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“Gravity” Movie Review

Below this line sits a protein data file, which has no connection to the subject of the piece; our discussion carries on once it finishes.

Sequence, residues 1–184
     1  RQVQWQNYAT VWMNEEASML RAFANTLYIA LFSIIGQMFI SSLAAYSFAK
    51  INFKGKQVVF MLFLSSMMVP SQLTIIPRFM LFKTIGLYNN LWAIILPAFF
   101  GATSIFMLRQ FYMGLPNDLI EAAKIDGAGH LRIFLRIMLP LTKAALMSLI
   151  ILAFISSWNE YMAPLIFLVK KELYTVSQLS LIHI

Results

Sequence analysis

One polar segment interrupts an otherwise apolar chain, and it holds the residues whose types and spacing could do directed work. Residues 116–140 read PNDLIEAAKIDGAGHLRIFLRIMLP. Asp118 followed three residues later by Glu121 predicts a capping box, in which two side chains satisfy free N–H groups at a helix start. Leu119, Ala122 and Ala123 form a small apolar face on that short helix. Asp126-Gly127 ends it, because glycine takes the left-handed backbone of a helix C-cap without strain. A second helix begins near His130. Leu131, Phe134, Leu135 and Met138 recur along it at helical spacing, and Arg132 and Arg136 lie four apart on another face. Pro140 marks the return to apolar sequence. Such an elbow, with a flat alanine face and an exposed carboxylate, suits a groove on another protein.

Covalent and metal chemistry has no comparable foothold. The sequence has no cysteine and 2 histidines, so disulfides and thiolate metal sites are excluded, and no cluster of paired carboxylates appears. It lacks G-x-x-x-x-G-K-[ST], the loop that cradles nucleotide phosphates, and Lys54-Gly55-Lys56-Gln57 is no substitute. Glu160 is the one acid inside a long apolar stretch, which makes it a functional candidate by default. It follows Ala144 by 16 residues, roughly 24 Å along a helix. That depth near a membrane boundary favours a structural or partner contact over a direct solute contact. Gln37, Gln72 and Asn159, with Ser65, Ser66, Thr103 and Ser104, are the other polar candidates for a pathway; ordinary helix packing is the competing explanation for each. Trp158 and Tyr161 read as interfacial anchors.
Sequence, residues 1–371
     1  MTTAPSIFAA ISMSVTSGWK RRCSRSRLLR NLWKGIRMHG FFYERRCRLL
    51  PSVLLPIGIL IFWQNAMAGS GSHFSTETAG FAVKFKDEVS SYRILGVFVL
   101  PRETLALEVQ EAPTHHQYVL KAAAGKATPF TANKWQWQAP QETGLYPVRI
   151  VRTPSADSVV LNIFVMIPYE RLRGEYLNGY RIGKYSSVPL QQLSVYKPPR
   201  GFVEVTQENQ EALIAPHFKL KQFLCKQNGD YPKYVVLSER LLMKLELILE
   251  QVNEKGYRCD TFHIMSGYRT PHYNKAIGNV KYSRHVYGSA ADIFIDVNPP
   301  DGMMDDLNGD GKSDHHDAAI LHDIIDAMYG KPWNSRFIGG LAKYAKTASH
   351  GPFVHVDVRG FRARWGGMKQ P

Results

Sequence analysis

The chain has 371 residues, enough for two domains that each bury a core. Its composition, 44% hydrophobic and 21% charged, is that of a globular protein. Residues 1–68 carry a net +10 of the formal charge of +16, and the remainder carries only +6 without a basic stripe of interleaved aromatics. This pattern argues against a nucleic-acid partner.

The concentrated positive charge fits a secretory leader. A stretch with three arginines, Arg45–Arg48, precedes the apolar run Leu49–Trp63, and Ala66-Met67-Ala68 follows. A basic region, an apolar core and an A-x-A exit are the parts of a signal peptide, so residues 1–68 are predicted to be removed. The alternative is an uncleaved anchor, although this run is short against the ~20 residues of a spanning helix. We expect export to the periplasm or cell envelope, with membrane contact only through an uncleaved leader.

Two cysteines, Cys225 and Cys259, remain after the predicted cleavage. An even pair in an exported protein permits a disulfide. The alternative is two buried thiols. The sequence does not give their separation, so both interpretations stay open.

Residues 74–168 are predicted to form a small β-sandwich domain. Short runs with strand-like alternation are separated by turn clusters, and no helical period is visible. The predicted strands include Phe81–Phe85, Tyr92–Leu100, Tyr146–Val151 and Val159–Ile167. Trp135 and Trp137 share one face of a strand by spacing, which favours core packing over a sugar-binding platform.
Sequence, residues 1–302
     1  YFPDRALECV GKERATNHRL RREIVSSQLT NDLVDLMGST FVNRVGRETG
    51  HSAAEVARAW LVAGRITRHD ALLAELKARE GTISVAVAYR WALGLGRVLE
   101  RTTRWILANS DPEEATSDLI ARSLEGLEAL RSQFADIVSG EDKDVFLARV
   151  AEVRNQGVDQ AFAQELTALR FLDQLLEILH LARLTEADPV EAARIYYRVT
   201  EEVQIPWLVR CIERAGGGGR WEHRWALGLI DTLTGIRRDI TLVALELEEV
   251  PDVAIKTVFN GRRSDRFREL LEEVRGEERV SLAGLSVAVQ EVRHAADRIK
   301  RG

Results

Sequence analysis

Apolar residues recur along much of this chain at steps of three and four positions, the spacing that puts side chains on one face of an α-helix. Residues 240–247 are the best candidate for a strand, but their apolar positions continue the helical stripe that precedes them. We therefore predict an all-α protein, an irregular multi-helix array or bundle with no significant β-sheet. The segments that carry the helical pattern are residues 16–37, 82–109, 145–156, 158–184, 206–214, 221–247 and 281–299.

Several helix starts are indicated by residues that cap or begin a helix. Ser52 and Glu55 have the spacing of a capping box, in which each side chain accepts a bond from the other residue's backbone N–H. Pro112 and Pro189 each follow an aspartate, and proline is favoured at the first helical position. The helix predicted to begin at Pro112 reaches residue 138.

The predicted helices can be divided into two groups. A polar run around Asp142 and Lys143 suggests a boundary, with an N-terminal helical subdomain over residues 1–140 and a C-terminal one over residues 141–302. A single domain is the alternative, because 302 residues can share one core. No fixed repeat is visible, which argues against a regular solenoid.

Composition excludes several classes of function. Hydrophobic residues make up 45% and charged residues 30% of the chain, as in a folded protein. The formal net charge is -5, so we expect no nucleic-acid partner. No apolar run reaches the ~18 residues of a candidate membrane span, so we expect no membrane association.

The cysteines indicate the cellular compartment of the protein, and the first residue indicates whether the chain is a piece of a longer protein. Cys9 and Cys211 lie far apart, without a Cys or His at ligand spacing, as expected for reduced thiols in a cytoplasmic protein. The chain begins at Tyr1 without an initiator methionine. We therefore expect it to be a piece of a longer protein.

If this movie proves anything, it’s this: there is absolutely no excuse for terrible CGI in film anymore. We’re past that. This extremely ambitious science-fiction action thriller from acclaimed director Alfonso Cuaron grossed over 7 times its $100 million budget after it debuted in America on October 4th, 2013 and in the UK a month later. Co-written with his son Jonas and produced by Harry Potter showrunner David Heyman, the PG-13-rated story follows a crew of astronauts whose space shuttle is destroyed at mid-orbit during a mission on their space shuttle Explorer. Miraculously in one piece, Dr. Ryan Stone, played by Sandra Bullock, finds herself stranded in space and now must find a way to safely return to the surface of Earth… or float out into the dark and cold void of outer space forever. I can’t talk much more about the plot because none of the trailers ever gave anything away, and- true story -I had never actually seen Gravity until a few hours ago. Hang me from the gallows for heresy, but now I know what I’ve been missing out on for the past four years. As pretty much the only two characters who ever show their faces, Sandra Bullock and George Clooney carry this movie on their shoulders- or more appropriately, launch it to great heights. Clooney more or less plays a caricatured, astronaut version of himself, always quipping to his crew members and sharing amusing stories about himself. He gave this film humor where it needed it, and also served as the true optimist when everything suddenly goes wrong. Bullock’s performance is the real standout, though, showing a strong versatile range of emotions. She is thrown into the worst situation imaginable but still has to find the will to get through it alive. A moment late in the movie when she prays to herself marks a pivotal turning point for her tragic character while also being very moving. It also earned her a nomination for Best Actress, marking this as the first time a sci-fi action film has been nominated in the category since Sigourney Weaver in Aliens. The film has also received a fair amount of criticism for a number of scientific inaccuracies, particularly when the Laws of Physics are broken. This is not necessarily a negative. In fact, it should be considered a high honor if a science-fiction film falls under scrutiny for the science portrayed. Implausible? Sometimes. But it’s still believably demonstrated and explained. While on the subject, in a technical sense, this is a flawless movie with no missteps whatsoever. Oscar-winning cinematographer Emmanual Lubezki utilizes his trademark of long-tracking shots to great and innovative effect. The film opens with a single, fluid 13-minute shot that establishes everything that is to come. In fact, there are huge passages taken from a single-camera shot, swinging around the stations and suits with ease. These huge takes are contrasted by claustrophobic point-of-view shots from inside Ryan Stone’s space suit, truly giving the impression that the audience is stuck in orbit with her. Meanwhile, Steven Price’s soundtrack is an astonishing, atmospheric score with pulsating electronic drums and illustrious strings. Lone shots of the Sun horizon are emulated by an ambient, almost esoteric noise. But it’s the vocal accompaniment from Katherine Ellis on the last two tracks that make such an inspirational award-winner. Speaking of vocals, further immersing audiences into its adventure is the intricate sound design. Since it took place in outers space, almost everything that happened was silent- a tactic which turned out to be very frightening for me. Much of the radio chatter between the astronauts and Houston Mission Control is babble over a channel of static, and- even more impressive -the film made your hear everything the characters were hearing. So whenever a screw was being put into a metal plate, it felt like her head was tilted to the side, causing only one ear to hear it all. The only real way to watch and appreciate this film at home is on a widescreen T.V. with the lights out and the sound turned way up. It’s just a rich experience. Even richer than that, as many have raved about nonstop, the visual effects in Gravity are simply stunning and beautiful. Having the majority of a movie focus almost entirely outside in space, and make it look realistic at the same time, was concept believed to be impossible just a decade ago. But Framestore utilized every ounce of its budget over the course of three meticulous years, deservedly earning it the Academy Award for Best Visual Effects. Unfolding seemingly over real-time, this movie serves as a benchmark for how far we’ve come in technology and the possibilities of where we might go from here. My only gripe is that I was never able to see this in IMAX 3-D, which many professed was one of the greatest cinematic experiences they had ever had. Though, honestly, I think I might have gotten sick if I did. Even so, I am perfectly content watching the relaxing image of Earth pass in the background as our heroes move from one disaster to the next. To put it in the words of Clooney, “Gotta admit one thing. You can’t beat the view.” He’s right, nothing can. Despite its inaccuracies regarding science and physics, Gravity is an intense and unbelievably captivating adventure with great thrills. Easily the most visually impressive film since 2009’s Avatar, and certainly of this decade so far, there is not a moment of this movie that ever lets up and it never gets boring. The mile-a-minute 90 minute-long picture is an astonishing visual masterpiece that left me breathless and amazed.